Workplace discrimination exists in Estonia and there are also laws that protect against it. And people are becoming more aware.
Legally speaking, discrimination or unfair treatment means a situation where in similar circumstances and based on some particular aspect, one person is treated unfairly and the other is not. According to our Constitution - Everyone is equal before the law. No one may be discriminated against on the basis of nationality, race, colour, sex, language, origin, religion, political or other views, property or social status, or on other grounds.
There are also more specific laws that tackle discrimination. The Gender Equality Act regulates discrimination based on gender and Equal Treatment Act is in place to ensure the protection of persons against discrimination on grounds of nationality (ethnic origin), race, colour, religion or other beliefs, age, disability or sexual orientation. Both laws are available at: https://www.riigiteataja.ee/en/search .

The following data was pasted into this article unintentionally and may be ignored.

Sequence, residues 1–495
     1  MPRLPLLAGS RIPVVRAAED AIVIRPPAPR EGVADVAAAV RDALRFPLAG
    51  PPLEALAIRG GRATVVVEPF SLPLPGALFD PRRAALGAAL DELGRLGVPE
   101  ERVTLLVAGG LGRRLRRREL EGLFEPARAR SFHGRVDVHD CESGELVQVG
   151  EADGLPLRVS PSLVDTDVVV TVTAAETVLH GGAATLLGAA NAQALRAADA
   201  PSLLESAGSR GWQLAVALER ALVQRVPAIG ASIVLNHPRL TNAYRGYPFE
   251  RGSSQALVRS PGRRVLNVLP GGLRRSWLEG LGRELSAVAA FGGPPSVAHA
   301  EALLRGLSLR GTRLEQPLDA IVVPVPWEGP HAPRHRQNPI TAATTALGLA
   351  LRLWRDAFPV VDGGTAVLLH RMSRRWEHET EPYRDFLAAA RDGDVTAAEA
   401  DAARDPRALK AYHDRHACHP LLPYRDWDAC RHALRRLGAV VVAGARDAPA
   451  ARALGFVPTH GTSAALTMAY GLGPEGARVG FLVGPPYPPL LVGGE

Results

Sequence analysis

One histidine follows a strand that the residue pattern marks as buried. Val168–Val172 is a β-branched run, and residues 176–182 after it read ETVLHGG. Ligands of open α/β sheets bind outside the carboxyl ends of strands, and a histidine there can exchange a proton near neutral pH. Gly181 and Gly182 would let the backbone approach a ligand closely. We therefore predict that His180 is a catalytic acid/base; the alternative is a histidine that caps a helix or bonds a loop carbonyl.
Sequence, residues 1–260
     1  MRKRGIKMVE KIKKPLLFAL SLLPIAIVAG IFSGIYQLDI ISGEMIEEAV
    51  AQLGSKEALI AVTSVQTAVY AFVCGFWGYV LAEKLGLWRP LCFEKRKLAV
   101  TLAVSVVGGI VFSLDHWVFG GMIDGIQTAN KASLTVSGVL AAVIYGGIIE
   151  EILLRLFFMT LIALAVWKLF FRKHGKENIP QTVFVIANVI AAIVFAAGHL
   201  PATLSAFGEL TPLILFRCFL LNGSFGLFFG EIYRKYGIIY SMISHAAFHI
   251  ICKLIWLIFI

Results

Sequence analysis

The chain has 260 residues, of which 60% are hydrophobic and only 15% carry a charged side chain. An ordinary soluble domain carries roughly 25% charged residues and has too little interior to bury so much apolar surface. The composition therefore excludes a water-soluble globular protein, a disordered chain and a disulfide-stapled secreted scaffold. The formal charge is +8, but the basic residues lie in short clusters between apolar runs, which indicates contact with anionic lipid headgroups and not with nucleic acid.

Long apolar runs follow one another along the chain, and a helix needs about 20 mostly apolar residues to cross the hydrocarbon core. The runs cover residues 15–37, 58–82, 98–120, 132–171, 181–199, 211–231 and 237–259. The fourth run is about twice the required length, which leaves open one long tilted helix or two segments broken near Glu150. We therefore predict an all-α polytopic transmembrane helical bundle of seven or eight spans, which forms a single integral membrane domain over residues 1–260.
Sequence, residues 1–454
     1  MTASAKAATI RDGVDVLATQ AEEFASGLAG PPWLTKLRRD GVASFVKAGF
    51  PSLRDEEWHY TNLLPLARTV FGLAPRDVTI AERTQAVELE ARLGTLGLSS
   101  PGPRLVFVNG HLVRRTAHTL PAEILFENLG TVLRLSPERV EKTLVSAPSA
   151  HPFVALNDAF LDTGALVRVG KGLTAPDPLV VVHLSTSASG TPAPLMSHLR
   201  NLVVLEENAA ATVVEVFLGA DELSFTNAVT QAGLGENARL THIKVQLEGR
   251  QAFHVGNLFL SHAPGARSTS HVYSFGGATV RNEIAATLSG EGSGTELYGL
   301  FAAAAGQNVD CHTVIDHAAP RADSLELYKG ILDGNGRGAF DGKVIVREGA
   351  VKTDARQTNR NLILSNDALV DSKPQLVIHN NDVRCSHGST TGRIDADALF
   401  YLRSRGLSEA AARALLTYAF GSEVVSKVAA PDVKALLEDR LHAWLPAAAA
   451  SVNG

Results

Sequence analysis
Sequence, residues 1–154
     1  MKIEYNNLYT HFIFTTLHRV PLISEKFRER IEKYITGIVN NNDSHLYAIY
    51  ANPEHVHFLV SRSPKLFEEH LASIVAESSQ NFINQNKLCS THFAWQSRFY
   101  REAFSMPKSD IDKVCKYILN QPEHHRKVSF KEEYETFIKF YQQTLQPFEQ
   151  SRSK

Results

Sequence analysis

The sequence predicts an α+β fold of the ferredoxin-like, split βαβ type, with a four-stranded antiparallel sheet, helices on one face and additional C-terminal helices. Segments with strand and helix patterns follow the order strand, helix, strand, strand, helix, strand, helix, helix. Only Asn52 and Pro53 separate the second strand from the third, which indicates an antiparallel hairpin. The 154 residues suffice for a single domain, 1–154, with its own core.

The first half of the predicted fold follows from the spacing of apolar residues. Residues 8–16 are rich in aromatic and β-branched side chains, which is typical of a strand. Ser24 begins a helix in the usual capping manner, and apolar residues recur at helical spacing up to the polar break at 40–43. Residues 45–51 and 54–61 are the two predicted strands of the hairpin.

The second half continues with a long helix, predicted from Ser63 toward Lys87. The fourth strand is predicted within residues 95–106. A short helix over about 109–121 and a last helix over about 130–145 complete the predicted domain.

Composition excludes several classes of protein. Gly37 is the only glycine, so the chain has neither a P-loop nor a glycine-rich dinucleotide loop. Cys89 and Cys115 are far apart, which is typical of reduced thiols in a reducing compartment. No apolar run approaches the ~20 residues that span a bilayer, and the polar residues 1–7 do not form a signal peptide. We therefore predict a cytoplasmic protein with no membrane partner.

Employers have an obligation to avoid discrimination and promote equal treatment. More specifically the law says: An employer shall ensure the protection of employees against discrimination, follow the principle of equal treatment and promote equality in accordance with the Equal Treatment Act and Gender Equality Act.
But what can be done in cases of discrimination? It is a subtle subject for many reasons. Fear of losing your job, fear of publicity or just lack of proof. There are still remedies which can be utilized.
It is possible to go to court and demand both direct and indirect (moral) damages. It is also possible to turn to Gender Equality and Equal Treatment Commissioner. The contacts can be found here: http://www.volinik.ee/ .